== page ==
The book teaches a set of strategies that anyone’s performance
improve. The challenge is to organize, communicate and implement
them. Having based his conclusions on successful workers of Bell
Labs, Kelly has offered up a blueprint for how to succeed at work. I
especially appreciate his recognition that women and minorities face
unique challenges in the workplace thus may have to implement
additional strategies. By far the best book I've ever read on performing well at
Managing Up by Rosanne Badowski
"After fourteen years of working shoulder to shoulder with GE tough guy Jack
Welch, Roseanne Badowski is not afraid of what she calls the "s-word." She
argues that all of us are secretaries as well as managers. In Managing Up,
Badowski leverages lessons she learned in building a stellar relationship with
her boss. She offers smart and solid advice beginning with her "Can you start on
Monday?" interview with Welch, and then turning to the skills of "navigating a
boss Monday through Friday." The book' s chapter titles may sound prosaic, but
her approach crackles with energy and fresh ideas. For example, she writes about
trust by including "time-tested phrases for breaking bad news." She details the
perils of being unprepared and puts in a good word for nagging. She also makes a
persuasive argument for the advantages of cultivating impatience to enhance
productivity. With splashy anecdotes and checklists, Badowski offers realistic
and and disciplined counsel. Hero worshippers be warned: Although Welch wrote
the book's introduction, Badowski is such an engaging no-nonsense advisor that
she becomes the most compelling manager represented in her book."
Getting it Done by Roger Fisher
it seem that good ideas go nowhere at your company? That meetings are often a
waste of time? That nobody seems to be in charge? Roger Fisher (the coauthor of
the bestselling book Getting to Yes) and Alan Sharp tackle, in their book
Getting It Done, the inertia that afflicts many groups. The authors advance the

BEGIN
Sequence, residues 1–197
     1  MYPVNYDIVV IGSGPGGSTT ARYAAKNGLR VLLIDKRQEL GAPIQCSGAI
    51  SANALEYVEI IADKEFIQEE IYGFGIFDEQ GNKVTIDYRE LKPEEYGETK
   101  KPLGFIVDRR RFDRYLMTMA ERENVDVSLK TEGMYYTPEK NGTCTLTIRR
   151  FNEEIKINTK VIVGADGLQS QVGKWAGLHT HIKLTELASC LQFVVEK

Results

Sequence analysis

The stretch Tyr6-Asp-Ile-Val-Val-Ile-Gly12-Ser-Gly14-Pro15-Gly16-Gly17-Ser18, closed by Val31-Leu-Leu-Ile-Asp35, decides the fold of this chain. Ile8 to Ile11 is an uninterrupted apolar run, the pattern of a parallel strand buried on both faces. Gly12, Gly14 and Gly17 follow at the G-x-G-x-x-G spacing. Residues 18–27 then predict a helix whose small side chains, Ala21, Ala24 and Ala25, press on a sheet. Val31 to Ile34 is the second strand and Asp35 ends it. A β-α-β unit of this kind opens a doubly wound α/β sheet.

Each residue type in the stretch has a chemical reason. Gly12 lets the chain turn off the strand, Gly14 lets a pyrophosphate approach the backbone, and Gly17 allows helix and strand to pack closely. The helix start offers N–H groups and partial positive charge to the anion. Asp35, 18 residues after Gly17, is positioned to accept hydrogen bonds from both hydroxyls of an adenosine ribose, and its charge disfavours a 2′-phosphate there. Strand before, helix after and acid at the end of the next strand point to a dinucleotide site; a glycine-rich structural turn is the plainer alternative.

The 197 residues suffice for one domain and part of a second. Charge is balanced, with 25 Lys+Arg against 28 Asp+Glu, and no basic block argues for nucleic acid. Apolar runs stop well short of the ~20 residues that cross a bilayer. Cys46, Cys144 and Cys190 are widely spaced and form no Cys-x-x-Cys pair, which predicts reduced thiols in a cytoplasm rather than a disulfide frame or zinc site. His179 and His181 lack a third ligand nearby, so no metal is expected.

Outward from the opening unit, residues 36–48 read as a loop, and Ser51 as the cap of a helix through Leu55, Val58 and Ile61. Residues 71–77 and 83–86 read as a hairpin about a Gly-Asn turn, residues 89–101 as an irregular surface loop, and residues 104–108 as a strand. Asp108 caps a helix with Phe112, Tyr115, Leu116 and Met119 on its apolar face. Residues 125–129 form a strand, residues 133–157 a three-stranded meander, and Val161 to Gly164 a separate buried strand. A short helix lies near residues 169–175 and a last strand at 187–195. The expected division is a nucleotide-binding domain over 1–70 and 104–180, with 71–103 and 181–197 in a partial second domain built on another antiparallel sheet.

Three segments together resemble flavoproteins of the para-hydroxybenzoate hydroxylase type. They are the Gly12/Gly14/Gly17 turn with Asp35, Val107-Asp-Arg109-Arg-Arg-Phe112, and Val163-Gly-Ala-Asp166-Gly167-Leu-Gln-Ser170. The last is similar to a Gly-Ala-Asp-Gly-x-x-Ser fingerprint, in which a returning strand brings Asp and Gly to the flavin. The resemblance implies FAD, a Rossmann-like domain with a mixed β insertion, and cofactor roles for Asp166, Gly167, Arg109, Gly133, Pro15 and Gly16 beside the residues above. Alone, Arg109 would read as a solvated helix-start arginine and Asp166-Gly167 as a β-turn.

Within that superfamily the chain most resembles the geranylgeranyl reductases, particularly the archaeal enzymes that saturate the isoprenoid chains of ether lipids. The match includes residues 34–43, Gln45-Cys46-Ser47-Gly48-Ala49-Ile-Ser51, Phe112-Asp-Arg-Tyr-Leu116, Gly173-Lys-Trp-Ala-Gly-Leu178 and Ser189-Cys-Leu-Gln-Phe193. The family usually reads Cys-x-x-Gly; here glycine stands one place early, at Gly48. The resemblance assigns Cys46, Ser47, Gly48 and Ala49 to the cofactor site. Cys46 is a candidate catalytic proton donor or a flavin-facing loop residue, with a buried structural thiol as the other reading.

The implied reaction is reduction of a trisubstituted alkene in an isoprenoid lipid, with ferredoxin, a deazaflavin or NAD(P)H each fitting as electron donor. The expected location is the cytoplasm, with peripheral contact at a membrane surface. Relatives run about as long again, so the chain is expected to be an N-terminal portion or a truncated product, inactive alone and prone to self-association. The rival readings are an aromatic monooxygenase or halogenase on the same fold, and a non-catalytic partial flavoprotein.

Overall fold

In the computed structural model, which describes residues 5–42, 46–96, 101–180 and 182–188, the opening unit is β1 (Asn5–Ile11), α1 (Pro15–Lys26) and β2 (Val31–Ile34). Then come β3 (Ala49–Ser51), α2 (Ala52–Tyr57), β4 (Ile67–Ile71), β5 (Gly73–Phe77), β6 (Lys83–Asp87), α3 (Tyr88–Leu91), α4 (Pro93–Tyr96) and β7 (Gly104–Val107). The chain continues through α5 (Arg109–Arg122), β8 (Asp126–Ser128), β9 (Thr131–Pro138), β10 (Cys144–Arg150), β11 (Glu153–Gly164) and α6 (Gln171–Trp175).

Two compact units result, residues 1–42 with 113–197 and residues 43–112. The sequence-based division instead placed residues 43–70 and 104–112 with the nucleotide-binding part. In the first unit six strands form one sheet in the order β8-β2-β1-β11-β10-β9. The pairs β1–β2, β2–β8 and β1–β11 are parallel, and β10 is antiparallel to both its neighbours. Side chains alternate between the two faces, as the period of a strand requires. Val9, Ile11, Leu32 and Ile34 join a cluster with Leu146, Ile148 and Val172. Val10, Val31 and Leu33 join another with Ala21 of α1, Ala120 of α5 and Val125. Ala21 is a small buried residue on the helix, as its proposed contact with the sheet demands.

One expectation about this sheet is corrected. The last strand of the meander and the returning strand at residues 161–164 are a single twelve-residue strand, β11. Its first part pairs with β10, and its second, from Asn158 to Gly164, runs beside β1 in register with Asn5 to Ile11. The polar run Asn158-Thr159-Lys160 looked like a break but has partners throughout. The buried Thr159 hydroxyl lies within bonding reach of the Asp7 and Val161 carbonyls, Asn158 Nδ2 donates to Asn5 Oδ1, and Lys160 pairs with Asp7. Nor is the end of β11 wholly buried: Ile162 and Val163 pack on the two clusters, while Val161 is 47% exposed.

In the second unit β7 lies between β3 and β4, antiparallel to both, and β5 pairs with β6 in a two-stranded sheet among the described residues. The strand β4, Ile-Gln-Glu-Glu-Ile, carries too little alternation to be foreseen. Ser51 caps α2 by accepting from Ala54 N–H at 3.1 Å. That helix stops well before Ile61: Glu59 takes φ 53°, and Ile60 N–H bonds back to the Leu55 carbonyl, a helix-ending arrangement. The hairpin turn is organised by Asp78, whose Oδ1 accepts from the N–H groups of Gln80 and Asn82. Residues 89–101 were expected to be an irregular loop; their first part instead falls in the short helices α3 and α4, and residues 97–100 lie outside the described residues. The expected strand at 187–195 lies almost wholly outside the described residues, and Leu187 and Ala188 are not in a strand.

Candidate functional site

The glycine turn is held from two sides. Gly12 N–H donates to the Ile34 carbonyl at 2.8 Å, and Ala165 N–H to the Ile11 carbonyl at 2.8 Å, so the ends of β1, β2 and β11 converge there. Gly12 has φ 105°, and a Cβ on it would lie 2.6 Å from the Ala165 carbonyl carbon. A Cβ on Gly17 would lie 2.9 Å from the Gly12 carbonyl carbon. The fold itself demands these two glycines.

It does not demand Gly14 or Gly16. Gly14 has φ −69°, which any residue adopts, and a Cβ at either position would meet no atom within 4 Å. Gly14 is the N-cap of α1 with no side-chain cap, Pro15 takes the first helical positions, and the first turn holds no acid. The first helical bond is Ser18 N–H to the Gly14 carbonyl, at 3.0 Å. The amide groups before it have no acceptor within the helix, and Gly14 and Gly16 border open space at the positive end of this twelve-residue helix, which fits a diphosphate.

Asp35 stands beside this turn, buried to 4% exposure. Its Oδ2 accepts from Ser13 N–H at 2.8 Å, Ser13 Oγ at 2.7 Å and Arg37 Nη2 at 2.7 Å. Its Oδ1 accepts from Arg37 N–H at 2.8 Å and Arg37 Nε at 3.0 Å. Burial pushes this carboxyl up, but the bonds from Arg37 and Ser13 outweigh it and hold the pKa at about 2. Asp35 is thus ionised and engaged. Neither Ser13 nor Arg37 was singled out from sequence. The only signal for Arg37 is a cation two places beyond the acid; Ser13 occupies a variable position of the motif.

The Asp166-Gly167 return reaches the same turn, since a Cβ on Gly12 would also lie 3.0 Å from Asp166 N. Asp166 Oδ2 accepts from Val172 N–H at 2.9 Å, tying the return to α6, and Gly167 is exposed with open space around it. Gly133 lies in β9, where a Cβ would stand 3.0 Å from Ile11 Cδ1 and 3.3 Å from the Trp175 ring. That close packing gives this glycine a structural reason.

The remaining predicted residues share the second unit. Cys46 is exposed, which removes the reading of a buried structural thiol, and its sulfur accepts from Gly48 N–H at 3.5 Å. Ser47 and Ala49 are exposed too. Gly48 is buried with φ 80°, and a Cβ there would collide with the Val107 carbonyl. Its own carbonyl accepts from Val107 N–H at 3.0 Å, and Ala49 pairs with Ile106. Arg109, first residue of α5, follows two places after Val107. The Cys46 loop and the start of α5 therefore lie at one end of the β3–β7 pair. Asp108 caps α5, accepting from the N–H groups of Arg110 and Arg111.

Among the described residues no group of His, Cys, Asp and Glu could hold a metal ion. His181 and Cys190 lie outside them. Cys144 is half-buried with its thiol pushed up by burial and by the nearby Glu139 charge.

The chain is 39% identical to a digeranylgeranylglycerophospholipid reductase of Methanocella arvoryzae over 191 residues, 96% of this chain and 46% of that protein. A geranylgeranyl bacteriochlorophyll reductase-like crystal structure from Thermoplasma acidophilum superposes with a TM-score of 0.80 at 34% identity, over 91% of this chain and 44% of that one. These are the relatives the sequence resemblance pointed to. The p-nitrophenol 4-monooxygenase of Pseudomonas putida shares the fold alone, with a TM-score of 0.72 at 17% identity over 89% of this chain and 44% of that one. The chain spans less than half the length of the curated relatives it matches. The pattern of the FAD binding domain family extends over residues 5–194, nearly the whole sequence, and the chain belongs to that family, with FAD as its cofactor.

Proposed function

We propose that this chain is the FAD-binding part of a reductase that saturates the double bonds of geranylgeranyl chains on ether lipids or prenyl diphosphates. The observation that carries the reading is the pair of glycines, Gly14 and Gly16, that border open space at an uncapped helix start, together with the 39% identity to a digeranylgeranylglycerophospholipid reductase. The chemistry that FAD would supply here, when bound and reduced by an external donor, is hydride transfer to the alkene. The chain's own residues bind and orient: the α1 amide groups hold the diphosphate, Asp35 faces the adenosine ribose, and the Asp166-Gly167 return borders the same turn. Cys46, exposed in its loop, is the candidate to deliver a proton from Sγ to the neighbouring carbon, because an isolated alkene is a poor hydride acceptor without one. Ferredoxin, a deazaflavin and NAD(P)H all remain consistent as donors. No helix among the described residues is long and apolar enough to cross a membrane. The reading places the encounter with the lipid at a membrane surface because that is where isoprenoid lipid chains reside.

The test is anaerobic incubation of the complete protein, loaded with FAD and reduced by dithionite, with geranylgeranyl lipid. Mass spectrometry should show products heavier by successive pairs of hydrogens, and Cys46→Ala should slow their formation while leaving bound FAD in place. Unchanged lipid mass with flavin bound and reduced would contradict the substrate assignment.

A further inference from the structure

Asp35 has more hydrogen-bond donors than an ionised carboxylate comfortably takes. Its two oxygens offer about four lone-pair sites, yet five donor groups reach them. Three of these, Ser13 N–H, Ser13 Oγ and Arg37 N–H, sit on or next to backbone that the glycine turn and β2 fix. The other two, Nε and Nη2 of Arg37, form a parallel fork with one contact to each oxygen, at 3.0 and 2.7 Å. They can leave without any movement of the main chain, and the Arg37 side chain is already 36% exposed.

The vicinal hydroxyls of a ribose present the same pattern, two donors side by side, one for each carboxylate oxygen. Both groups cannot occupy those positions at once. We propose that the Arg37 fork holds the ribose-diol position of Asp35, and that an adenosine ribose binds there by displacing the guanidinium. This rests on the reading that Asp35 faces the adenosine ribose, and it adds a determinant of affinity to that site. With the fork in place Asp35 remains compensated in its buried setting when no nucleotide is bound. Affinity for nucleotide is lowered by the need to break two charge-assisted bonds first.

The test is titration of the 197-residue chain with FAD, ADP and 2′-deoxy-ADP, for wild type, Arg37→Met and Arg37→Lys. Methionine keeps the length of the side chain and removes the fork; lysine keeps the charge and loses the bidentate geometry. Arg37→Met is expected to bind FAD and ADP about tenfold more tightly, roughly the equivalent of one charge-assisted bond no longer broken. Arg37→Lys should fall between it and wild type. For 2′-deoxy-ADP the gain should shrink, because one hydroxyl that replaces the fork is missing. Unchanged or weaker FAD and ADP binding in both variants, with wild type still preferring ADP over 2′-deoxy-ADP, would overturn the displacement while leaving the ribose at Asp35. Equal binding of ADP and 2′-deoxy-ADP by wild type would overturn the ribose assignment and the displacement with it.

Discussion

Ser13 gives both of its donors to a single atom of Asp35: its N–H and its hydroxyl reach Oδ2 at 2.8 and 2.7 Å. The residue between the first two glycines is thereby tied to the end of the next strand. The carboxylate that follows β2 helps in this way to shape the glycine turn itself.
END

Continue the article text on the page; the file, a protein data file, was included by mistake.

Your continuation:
idea of lateral leadership as a means of breaking apart the logjams that inhibit
effective collaboration in organizations. Lateral leadership consists of five
elements: clarifying the purpose of what you're trying to accomplish;
understanding how to harness the power of organized thought; learning how to
integrate thinking with doing; getting yourself and your team engaged; and,
finally, learning how to give feedback on what's been accomplished. This is a
practical guide to solving common workplace woes that will relieve the
frustrations that many of us experience everyday and at the same time help us to
stand out as leaders." -
Michael E. Porter on Competition by Michael Porter
The key to investing is understanding sustainable competitive
advantage, a field in which Porter has been the leading thinker over
the past three decades (full disclosure: Porter is my friend and
mentor). This book is a collection of his "greatest hits" and should
be the first stop for anyone interested in competition, competitive
strategy, and competitive advantage. From his early work on
competition among companies and within industries to his later work
on the competitive advantage of locations, to his most recent work
on competitive solutions to societal problems such as the distress
of inner cites, On
Competition covers it all in a clear, easy-to-follow
The Prime Movers by Edwin Locke
Locke, a professor at University of Maryland explores the philosophy of success
by examining the common characteristics of men and women of achievement. The book
draws heavily on Ayn Rand's The Fountainhead for its inspiration.
In Search of Excellence
by Thomas Peters and Robert Waterman
"This relatively simple and informal book still took a fascinating
look into America's leading firms and provided some extremely
insightful conclusions about the role a form of leadership that was
needed in the late 80's and 90's, when American companies were
grappling with extensive global competition combined with major
internal challenges." - Businessweek
The Psychology of Persuasion by Robert Cialdini
In the world
of psychology, the phenomenon is called "compliance". The rest of us
refer to it as "influence" and "persuasion". How and why people
agree to things affects us all every day, every hour. Especially in
a job interview. Learn from an expert how to use your
influence. Cialdini is a psychologist who's been studying this
subject for years, and this book is five notches above any self-help
One of the finest accounts of the psychology underlying when we are
or are not persuaded. Cialdini provides compelling examples of
persuasion tactics, which will make for an interesting read for any
one remotely interested in selling, marketing, or in understanding
why they sometimes get roped in to say yes when they wish they had
How Winners Sell
by Dave Stein
Because sales experts have useful advice for
those serious about success in their career. Stein emphasizes "the
truth" about an opportunity over the wishful thinking that leads to
bad choices. He teaches how to become proficient at asking questions
before approaching prospects. And he shows how to
recognize a lost cause.
How to Win Friends &
Influence People by Dale Carnegie
A practical guide that offers a
number of fundamelsights on relationships and people's motivations. Don't
let the title fool you, because it is not about manipulating people. Rather it
is about being sincere and communicating your message most effectively. A
by Keith Ferrazzi
Nah, you're not going to get as good at netwoking as Keith Ferrazzi,
who has established a new class of guru in the universe of inside